Splash it all over

From Cyril's memoirs dated 2 March 2008

The Dakar Rally is an awe-inspiring event for many reasons, not least because the desert does strange things to a man. I know - from
bitter experience.

On a scorching day in August 1999, as the sun beat down, I knelt by the side of the XT600, staring at a flat rear tyre. Sweat dripped from the tip of my nose and landed in the dust, evaporating almost instantly. I felt defeated and lonely and for the first time since I was a boy I clasped my hands together and prayed, concluding my silent plea by leaning back and shouting up at the vast azure sky. ‘Why, oh God? Why me? Why now? Why?!’

‘Oh Cyril, get a grip.’ It was Francesca. ‘Drink your tea and then get Stefano over with his mobile tyre thingy if you can’t do it yourself. You have to get it done by tomorrow else you’ll miss the ferry. What a drama queen.’ Three days later, thanks to Stefano, I'd made the trip from my home in the Testa di Cazzo hills and was actually in
the desert.

The trip had been planned for months, a ride through Tunisia, Algeria and Mali to Timbuktu, via Tuat (merely because the name made us laugh). The other half of ‘us’ was Stewart Kidd, a brawny off-road specialist developing Yamaha’s two-wheel-drive 2-Trac system fitted to a test mule. I’d pulled strings to get myself on this trip as it was my final year before retirement and the chance was too good to miss. Let’s not talk about hindsight, it makes fools of us all.

I knew Stewart, though not well, from his regular dealings with the R&D department and he’d always seemed like a nice bloke, if a little intense. Nothing wrong with that, I thought, a serious approach in unforgiving terrain was fine by me, gritty sandwiches and a few beach races being my only sand experience up until that point.

Five days in, deep into the desert, we reached a rocky plain on the edge of a mountain range and set up camp as the sky darkened and brilliant stars began to emerge. We cooked and ate, drank a few tots of whisky, then lay back to gaze at the firmament. I’ll admit that I’ve had my cod-philosophical moments when staring up at the night sky, usually worse for wear, but Stewart suddenly became very
strange indeed.

‘Cyril, do you realise that every time you pleasure yourself, your Lord and God is watching?’

‘I’m sorry?’ I said, startled, but not sure if I’d heard him correctly.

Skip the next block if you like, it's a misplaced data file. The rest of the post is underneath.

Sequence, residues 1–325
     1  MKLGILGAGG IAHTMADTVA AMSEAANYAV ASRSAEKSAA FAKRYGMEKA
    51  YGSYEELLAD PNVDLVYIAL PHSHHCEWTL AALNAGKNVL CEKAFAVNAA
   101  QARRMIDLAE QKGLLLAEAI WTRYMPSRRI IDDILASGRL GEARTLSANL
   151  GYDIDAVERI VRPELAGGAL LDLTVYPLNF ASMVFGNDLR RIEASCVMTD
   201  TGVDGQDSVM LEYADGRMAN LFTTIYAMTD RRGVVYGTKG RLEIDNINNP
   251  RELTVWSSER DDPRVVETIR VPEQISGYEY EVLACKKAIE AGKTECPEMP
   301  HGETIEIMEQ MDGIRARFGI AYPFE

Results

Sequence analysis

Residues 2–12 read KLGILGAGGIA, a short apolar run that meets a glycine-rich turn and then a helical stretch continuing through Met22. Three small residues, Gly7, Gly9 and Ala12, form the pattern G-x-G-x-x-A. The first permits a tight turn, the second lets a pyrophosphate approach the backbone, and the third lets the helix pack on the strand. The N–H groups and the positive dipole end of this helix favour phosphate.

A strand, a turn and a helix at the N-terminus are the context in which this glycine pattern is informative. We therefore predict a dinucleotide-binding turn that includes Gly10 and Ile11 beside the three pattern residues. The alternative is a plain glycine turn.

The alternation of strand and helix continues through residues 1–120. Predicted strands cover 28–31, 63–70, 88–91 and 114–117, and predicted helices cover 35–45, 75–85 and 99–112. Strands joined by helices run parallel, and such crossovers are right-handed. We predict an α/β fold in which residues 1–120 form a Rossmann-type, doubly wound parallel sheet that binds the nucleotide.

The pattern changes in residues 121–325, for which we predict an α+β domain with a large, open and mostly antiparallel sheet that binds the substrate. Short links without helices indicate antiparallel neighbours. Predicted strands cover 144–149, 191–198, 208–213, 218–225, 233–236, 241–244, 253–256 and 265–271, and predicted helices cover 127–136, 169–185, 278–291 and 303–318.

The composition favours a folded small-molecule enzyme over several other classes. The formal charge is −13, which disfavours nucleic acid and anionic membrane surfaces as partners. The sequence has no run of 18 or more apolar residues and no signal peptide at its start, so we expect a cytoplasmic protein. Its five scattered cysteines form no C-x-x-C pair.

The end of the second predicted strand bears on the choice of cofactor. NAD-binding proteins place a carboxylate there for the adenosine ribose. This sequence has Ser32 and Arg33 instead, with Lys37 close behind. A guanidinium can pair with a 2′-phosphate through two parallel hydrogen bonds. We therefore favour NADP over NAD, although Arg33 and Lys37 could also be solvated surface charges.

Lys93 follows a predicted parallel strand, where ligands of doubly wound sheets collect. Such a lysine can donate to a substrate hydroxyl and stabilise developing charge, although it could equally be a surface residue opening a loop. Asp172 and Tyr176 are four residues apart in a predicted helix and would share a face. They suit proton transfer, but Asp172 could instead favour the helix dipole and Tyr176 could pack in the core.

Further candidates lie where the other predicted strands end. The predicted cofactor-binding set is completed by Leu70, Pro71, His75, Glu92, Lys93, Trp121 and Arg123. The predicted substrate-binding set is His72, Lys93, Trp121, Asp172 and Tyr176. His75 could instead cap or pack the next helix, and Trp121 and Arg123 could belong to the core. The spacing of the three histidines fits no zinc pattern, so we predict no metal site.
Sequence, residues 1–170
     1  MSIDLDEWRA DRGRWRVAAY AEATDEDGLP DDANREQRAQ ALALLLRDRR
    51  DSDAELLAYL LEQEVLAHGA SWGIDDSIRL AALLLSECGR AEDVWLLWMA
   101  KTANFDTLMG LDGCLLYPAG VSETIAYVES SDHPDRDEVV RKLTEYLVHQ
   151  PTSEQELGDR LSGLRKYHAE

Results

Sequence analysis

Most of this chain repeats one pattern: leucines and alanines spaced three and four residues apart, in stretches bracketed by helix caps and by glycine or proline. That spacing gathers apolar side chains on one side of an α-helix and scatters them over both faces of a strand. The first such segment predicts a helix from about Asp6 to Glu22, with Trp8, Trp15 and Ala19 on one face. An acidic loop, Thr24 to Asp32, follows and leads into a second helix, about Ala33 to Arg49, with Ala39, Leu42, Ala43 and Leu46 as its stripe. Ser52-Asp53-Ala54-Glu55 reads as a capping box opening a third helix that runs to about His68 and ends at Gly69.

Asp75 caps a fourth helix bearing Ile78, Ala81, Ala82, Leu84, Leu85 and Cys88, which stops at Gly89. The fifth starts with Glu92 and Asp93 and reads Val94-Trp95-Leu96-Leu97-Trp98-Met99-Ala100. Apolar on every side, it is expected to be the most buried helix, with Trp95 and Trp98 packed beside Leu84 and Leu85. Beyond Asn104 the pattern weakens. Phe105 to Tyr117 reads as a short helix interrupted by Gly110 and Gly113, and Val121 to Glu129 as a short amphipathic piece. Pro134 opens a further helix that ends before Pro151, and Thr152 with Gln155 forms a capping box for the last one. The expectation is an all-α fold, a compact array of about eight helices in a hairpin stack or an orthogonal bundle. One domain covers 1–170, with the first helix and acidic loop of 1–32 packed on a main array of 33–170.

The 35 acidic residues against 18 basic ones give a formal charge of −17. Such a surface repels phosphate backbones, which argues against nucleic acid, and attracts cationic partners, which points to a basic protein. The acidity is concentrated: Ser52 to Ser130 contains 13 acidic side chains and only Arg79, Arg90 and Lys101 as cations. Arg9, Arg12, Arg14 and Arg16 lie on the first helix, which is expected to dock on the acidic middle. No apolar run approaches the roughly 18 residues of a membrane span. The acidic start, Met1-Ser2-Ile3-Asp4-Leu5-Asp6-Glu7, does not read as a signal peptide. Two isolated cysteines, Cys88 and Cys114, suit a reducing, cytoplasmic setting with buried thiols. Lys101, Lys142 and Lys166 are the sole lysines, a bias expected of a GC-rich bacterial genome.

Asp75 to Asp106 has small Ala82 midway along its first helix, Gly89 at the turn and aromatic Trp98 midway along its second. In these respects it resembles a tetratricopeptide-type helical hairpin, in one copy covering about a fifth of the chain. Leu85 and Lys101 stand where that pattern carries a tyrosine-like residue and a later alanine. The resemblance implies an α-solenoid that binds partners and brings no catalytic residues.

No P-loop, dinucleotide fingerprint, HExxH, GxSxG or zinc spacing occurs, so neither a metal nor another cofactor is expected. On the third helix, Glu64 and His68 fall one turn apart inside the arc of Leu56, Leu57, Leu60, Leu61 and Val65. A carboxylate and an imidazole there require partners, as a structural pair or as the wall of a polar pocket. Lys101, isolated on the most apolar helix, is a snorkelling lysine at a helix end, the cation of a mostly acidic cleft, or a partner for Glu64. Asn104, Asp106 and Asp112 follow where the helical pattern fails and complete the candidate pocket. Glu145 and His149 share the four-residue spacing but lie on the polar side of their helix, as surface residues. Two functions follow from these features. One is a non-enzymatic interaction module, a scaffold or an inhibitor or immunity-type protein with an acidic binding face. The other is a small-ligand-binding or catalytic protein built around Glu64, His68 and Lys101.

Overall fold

‘The Lord, your God, Cyril. Our God. We all must answer to him at some point.’ His voice had gone all boomy, like a very hammy vicar.

‘Yes, yes, that’s true... I suppose,’ I said, playing for time. ‘Although for now I’d concentrate on answering to Mr Kunasawa, who’s especially interested in the outcome of this test.’

Stewart then stood up and, despite the chilly air, threw aside his jacket and pulled off his T-shirt. In the firelight I could see a sprawling tattoo on his chest and abdomen. It was the face of Christ.

‘Christ!’ I blurted, in surprise rather than recognition, given that the face looked looked more like Elton John's and I only twigged that it was meant to be Jesus because of the crown of thorns. Flippin' marvellous, I thought. I'm stuck in the middle of nowhere with a full-on religious nutter. Great.

‘Our Lord Barry sees all,’ he said, stretching his arms wide.

‘Barry? Is that meant to be Barry Sheene?’ I asked, squinting at the tattoo. ‘I doubt he’d be very flattered if he saw it, Stewart.’

He then fiddled around in a pannier and pulled out a small bottle, proclaiming, ‘Let us anoint our bodies with the sacred liquid. Cyril, cleanse your sins!’ And with that he sprinkled this stuff on me as I cowered by the fire. I wiped a spot of it from my face and took a tentative sniff, wary of what it might be, but there was no doubt about it – Brut 33 aftershave.

Then, with no further ceremony, but with an air of urgency, Stewart rode off into the night and I had to make my own way home. Ten days later he turned up at Yamaha HQ in Surrey as if nothing had happened, filed his report and no more was said about the incident. However, when Barry died in 2003, they found Stewart in his own back garden, attached to a huge crucifix wearing a set of vintage Sheene Heron Suzuki leathers. He was perfectly okay (physically), having climbed into the leathers after nailing them to the cross – sacrilege in itself, some might say. The whole scene reeked of
cheap aftershave.

1 comment:

Sideburn Magazine said...

asphyxiating Cyril, you most vivid adventure to date.
Not least because Bazzer is my god.

Once while walking through the paddock at Brands Hatch, I came across a rider wearing said Heron Suzi red-white-black leathers with yellow contrast piping.
He obviously recognised the stare of a covetous man as I reached for my wallet, and just shook his head (at my bulk) and said
"I don't think they'll fit"
he never even stopped walking.